Running a lifestyle business doesn't leave much time for Claire Willoughby to have a lifestyle of her own. But, hey, you've got to give up a little if you want to be revered as the Nigella Lawson of the simplicity set! However, Claire's gotten herself a number-one fan, and this number-one fan has willed everything to Claire.including one Anabel Sage, aged 13 months.
About the Author
Elizabeth Bevarly wrote her first novel when she was twelve years old. It was 32 pages long -- and that was with college rule notebook paper -- and featured three girls named Liz, Marianne and Cheryl who explored the mysteries of a haunted house. Her friends Marianne and Cheryl proclaimed it "Brilliant! Spellbinding! Kept me up till dinnertime reading!" Those rave reviews only kindled the fire inside her to write more.
Since sixth grade, Elizabeth has gone on to complete more than 50 works of contemporary romance. Her novels regularly appear on the USA Today and Waldenbooks bestseller lists, and her last book for Avon, The Thing About Men, was a New York Times Extended List bestseller. She's been nominated for the prestigious RITA Award, has won the coveted National Readers' Choice Award, and Romantic Times magazine has seen fit to honor her with two Career Achievement Awards. There are more than seven million copies of her books in print worldwide. She resides in her native Kentucky with her husband and son, not to mention two very troubled cats.
Read an Excerpt
The Thing About Men
"What do you mean the chicken is still alive?"
Claire Willoughby gaped at her producer in stark-staring terror, her mind racing with all the ramifications the live chicken brought with it. And there were plenty. "It can't still be alive," she said. "I have to cook it on camera in thirty minutes. How's it going to go from cage to frying pan, unless we ... "
The rest of that statement didn't even bear thinking about, let alone speaking aloud. Especially not by a woman wearing beige Ann Taylor separates and ivory Bandolino pumps.
"Sorry, Claire, but there must have been a mix-up in the directions," her producer, Nina Ritchie, replied without a hint of apology as she lit a new cigarette with the still-burning butt of her last one.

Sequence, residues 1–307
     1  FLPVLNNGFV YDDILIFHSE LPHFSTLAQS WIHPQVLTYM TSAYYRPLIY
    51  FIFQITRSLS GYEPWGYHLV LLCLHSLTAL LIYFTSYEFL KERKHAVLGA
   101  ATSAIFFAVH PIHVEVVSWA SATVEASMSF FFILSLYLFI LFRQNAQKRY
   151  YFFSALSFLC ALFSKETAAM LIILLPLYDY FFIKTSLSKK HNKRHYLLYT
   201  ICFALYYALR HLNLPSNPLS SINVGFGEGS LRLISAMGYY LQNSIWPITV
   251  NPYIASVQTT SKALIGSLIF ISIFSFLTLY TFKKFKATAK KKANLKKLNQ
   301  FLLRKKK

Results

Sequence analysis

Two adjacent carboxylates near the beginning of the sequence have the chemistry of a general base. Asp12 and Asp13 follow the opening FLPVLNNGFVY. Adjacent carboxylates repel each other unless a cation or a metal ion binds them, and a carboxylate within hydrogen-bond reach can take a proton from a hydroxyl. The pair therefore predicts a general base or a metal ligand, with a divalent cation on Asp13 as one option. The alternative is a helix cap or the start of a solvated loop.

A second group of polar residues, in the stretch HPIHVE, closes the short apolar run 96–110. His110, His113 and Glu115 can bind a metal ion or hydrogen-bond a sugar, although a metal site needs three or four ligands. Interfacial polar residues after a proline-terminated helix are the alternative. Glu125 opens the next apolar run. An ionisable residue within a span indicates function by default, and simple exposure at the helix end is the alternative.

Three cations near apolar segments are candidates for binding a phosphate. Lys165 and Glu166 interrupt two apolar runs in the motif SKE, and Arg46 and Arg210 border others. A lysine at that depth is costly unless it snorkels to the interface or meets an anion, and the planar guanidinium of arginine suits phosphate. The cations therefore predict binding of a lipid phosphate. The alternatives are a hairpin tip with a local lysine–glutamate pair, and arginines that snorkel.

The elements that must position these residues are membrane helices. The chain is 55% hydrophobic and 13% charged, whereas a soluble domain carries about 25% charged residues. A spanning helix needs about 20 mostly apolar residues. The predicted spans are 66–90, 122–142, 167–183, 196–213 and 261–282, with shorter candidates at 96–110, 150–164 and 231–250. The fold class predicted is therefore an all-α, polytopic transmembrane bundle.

The set for the show was supposed to be smoke-free, but the first time Claire had reminded Nina of that, Nina had set fire to a trash can in the women's room in what she swore was an accident that occurred while she was trying to put out the offending cigarette. So Claire didn't mention her producer's cigarette now. She didn't want to put the good people of the Nashville Fire Department through all that trouble again.
"For some reason," the tall, too-slim redhead continued, "they delivered a live chicken instead of a broiler/fryer." She stubbed out the butt on her clipboard, one marked by a variety of small black burn spots, and flicked it away heedlessly -- beaning her production assistant in the side of the head in the process.
Then she inhaled deeply on the new cigarette, until its tip glowed bright orange. Everything about Nina was orangey today, Claire noted, from her hair to her Nehru jacket and sultan's trousers, to her amber beads and earrings, to her copper sandals. "And we're nowhere near a grocery store," she added, "so we don't have time to send someone out for another one. We either have to kill the chicken or kill the segment."
Oh, easy for her to say, Claire thought. Nina's last job had been as an assistant producer for one of those trash-talk day-time TV shows where things like Satanism and alien paternity and family fistfights had been daily staples. A chicken execution would be nothing to her.
Claire tucked a stray strand of pale blond hair back into the otherwise flawless chignon fixed at her nape as she pondered her dilemma. Aunt Halouise's "Red, White, and True Fried Chicken" was the centerpiece of their "Fourth of July Picnic Cookout" feature, and the "Fourth of July Picnic Cookout" feature was the centerpiece of today's show. And the irony was that the theme of Claire's nationally syndicated -- and liveTV show, Simple Pleasures, like the theme of Claire's nationally distributed magazine, also called Simple Pleasures, was "Back to Basics." That was, in fact, pretty much the mission statement of her entire lifestyle business -- to promote a return to the simpler ways of simpler times. Ways and times that had included, for example, raising livestock for the purpose of holiday cuisine.